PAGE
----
• quoting different terms or conditions for buying or renting,
• steering—advertising that housing is available to only people of certain races, colors, sex, religion, or national origin, family status or handicap; guiding home seekers into any neighborhood based on discrimination,
• making any false statement about the availability of housing,
• block-busting is making statements that a minority group may move into a neighborhood with the intent of persuading an owner to sell,
• redlining is the act of a lender or insurance company denying loans or presenting different terms or conditions for certain neighborhoods, and
• denying membership in a broker’s group concerned with the sale or rental of housing.

Recent amendments to the Fair Housing Act

In January, 2021, President Biden issued an executive order stating, “It is the policy of this Administration to prevent and combat discrimination on the basis of gender identity or sexual orientation, and to fully enforce Title VII and other laws that prohibit discrimination on the basis of gender identity or sexual orientation.  It is also the policy of this Administration to address overlapping forms of discrimination.

Housing for Older Persons Act

The Housing for Older Persons Act allows certain communities to refuse to allow children to reside on the property. In order to qualify for this status, at least 80 percent of the units must have one or more persons who are at least 55 years old. The Act does not permit these communities to discriminate based on race, color, religion, national origin, sex, or disability.

Special Exemptions under the Fair Housing Act

Religious organizations

Religious organizations may restrict sales and rentals of property that they own unless membership in the organization is dependent on race, color, religion, or national origin.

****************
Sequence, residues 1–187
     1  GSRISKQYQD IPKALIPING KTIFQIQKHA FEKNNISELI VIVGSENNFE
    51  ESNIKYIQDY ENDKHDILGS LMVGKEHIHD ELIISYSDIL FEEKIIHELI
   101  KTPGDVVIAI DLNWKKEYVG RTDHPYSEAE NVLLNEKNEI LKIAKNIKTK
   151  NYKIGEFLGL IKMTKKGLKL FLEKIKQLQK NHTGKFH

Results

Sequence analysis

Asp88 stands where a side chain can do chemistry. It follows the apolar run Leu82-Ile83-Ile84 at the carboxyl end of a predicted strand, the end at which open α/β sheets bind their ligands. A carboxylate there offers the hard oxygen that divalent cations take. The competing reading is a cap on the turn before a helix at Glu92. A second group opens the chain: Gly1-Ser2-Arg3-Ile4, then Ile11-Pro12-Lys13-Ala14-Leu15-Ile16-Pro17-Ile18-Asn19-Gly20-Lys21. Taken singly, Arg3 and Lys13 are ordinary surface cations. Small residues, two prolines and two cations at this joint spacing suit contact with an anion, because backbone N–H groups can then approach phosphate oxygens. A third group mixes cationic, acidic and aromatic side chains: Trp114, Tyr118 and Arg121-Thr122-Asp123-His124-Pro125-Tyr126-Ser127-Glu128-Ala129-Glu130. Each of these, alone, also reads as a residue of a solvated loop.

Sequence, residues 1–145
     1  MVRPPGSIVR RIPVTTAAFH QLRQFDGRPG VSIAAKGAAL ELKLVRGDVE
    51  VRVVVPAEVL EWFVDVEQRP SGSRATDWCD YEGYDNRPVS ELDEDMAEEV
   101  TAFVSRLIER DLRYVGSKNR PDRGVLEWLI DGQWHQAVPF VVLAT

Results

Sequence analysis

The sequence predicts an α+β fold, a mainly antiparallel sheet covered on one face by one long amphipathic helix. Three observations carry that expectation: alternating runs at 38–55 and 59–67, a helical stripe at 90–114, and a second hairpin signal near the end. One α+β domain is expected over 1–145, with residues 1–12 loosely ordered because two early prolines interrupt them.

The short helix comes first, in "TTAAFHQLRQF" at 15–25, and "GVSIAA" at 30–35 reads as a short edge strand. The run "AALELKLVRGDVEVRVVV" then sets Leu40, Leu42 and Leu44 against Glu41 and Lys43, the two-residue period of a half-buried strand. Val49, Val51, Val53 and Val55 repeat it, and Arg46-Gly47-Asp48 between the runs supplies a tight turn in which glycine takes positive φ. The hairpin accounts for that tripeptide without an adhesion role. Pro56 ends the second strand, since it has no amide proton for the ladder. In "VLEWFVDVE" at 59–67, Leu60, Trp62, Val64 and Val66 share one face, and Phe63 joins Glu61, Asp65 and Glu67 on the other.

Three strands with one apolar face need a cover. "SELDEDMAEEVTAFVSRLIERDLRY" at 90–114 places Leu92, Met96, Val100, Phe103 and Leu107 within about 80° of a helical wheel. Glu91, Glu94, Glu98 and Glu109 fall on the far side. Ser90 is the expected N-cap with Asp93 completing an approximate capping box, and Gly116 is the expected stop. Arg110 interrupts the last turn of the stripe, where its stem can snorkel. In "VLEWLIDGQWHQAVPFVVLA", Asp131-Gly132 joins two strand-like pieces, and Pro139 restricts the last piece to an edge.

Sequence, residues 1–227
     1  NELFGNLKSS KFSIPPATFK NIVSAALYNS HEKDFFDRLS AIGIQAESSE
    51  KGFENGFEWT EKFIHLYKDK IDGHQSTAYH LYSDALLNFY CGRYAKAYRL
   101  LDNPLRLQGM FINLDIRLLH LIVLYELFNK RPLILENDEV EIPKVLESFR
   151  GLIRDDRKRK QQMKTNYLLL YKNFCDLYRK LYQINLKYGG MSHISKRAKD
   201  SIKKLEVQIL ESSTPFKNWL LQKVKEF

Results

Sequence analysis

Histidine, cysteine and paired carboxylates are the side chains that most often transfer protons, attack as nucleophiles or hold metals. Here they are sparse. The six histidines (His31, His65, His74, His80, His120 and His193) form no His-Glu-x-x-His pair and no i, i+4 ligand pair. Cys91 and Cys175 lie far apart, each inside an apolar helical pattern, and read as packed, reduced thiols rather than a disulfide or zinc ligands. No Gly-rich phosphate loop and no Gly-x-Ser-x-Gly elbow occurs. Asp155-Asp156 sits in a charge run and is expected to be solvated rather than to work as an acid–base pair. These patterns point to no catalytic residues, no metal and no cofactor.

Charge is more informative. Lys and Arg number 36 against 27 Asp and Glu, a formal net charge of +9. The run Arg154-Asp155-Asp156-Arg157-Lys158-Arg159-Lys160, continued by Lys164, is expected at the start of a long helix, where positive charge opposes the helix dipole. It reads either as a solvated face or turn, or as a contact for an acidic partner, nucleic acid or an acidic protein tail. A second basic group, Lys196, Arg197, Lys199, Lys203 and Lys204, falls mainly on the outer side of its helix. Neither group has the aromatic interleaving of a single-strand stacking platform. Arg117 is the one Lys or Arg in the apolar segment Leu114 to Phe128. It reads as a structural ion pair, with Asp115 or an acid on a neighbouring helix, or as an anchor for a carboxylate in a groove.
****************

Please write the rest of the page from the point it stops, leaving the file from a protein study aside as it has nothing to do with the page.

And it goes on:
Private clubs

Private clubs that provide lodgings that they own for non-commercial purposes may restrict rentals to members of the club.

Equal Housing Opportunity Poster

Brokers should post the Equal Housing Opportunity Poster in all offices. Failure to do so shifts the burden of proof in discrimination cases to the broker.

Enforcement of the Fair Housing laws 

The U.S. Department of Housing and Urban Development (HUD) enforces the Fair Housing Law. Persons have one year to file a discrimination complaint with the agency. The Department will attempt to bring the parties together for a conciliation meeting with the goal of reaching a signed conciliation agreement. If any party later breaches, the U.S. Department of Justice (DOJ) may file suit to enforce the agreement. If there is a pattern of discrimination, the DOJ may bring a civil suit on behalf of the injured party in the federal courts.

Responsibility and Liability of Real Estate Licensees

HUD considers charges of discrimination to be true unless disproven by other evidence, but the burden of proof is on the accused party. The complaining person does not have to prove discrimination. It is not an admissible defense to say “I did not know I was discriminating.” If the licensee is found guilty of a violation, the FREC may bring an administrative complaint against the individual.